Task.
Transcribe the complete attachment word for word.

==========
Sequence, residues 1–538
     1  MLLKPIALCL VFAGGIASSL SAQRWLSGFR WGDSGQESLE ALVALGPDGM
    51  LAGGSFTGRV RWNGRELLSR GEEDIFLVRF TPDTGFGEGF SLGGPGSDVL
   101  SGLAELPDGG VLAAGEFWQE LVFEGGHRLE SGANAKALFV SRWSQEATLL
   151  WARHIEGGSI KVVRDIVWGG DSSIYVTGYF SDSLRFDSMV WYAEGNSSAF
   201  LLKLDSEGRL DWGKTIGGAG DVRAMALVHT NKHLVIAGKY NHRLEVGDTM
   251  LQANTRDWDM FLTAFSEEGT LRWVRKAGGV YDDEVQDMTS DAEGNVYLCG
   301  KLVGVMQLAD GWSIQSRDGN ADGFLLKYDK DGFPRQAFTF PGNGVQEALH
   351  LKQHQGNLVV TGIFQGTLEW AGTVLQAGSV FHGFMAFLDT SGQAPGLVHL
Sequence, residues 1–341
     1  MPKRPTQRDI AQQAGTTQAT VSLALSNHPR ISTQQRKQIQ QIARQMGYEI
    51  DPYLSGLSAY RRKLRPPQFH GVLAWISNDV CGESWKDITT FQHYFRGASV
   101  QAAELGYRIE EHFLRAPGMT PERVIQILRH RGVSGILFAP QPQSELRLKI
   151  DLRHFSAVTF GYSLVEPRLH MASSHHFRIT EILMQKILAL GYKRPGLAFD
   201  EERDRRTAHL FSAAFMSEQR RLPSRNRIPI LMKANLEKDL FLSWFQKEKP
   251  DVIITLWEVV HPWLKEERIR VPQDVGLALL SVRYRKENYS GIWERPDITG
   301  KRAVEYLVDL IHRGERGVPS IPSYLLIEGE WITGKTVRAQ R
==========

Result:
Sequence, residues 1–538
     1  MLLKPIALCL VFAGGIASSL SAQRWLSGFR WGDSGQESLE ALVALGPDGM
    51  LAGGSFTGRV RWNGRELLSR GEEDIFLVRF TPDTGFGEGF SLGGPGSDVL
   101  SGLAELPDGG VLAAGEFWQE LVFEGGHRLE SGANAKALFV SRWSQEATLL
   151  WARHIEGGSI KVVRDIVWGG DSSIYVTGYF SDSLRFDSMV WYAEGNSSAF
   201  LLKLDSEGRL DWGKTIGGAG DVRAMALVHT NKHLVIAGKY NHRLEVGDTM
   251  LQANTRDWDM FLTAFSEEGT LRWVRKAGGV YDDEVQDMTS DAEGNVYLCG
   301  KLVGVMQLAD GWSIQSRDGN ADGFLLKYDK DGFPRQAFTF PGNGVQEALH
   351  LKQHQGNLVV TGIFQGTLEW AGTVLQAGSV FHGFMAFLDT SGQAPGLVHL
Sequence, residues 1–341
     1  MPKRPTQRDI AQQAGTTQAT VSLALSNHPR ISTQQRKQIQ QIARQMGYEI
    51  DPYLSGLSAY RRKLRPPQFH GVLAWISNDV CGESWKDITT FQHYFRGASV
   101  QAAELGYRIE EHFLRAPGMT PERVIQILRH RGVSGILFAP QPQSELRLKI
   151  DLRHFSAVTF GYSLVEPRLH MASSHHFRIT EILMQKILAL GYKRPGLAFD
   201  EERDRRTAHL FSAAFMSEQR RLPSRNRIPI LMKANLEKDL FLSWFQKEKP
   251  DVIITLWEVV HPWLKEERIR VPQDVGLALL SVRYRKENYS GIWERPDITG
   301  KRAVEYLVDL IHRGERGVPS IPSYLLIEGE WITGKTVRAQ R